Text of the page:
Campbell said he would like to see details on how development around Route 92 would be controlled to ensure the highway doesn't re-create congestion. The Turnpike Authority, he said, could, for instance, buy land around the highway and preserve it to control development.
"I think it's time that a decision was made and the transportation problem is addressed and addressed in as comprehensive a way as possible," Campbell said.
Route 92 opponents contend the highway would destroy rural open space and farmland, damage the environment and historic communities such as Kingston and increase Route 1 congestion.
"This is a very damaging road and it's basically up to Governor McGreevey to put an end to it," said Tyler Burke, spokesman for the transportation watchdog Tri-State Transportation Campaign, which opposes Route 92.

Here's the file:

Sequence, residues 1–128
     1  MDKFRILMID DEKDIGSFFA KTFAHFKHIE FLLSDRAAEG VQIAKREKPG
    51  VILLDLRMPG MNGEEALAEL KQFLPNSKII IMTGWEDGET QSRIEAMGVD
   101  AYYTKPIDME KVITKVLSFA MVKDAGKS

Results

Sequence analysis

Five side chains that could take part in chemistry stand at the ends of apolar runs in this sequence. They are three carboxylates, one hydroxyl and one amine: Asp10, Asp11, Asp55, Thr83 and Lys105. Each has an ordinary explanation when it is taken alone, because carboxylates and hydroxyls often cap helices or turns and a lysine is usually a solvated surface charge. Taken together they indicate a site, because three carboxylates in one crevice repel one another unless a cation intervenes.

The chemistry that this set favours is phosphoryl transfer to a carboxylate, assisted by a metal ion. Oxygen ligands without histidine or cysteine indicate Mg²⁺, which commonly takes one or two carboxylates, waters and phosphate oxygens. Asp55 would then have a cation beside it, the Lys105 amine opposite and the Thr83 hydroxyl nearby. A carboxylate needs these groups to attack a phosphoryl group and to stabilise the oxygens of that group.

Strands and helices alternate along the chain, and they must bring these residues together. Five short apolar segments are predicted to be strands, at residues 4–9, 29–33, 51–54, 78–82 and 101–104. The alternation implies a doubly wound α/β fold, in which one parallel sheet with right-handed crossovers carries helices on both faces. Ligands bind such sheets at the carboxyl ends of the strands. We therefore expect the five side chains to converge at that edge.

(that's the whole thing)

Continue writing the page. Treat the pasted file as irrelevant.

South Brunswick Mayor Frank Gambatese on Wednesday evening described the DEIS as "lukewarm at best" and said he held hope that approvals to build the highway won't be given.
Jeff Tittel, director of the New Jersey chapter of the Sierra Club, said the group continues to oppose Route 92, instead supporting making Route 522 a limited-access roadway connecting Route 1 and the Turnpike.
"I still think that's the best alternative," Tittel said.
He said Route 92 would waste precious transportation money and the draft report seemingly didn't take into account the affects of development that would occur around Route 92.
"No matter how you look at it, Route 92 is a sprawl-inducing highway that opens a large part of central New Jersey to large-scale development," Tittel said.
Assemblyman Bill Baroni, R-Hamilton, has been a vocal opponent of Route 92 since taking office in January. Yesterday, he said he was unconvinced by the report's findings.
"Still, it's the wrong road at the wrong place at the wrong time," said Baroni, who has called for improving Route 1 instead.
In addition to the federal and state permits needed to fill wetlands, the Turnpike Authority also needs approvals from the Delaware & Raritan Canal Commission and the Freehold Soil Conservation District to build the highway.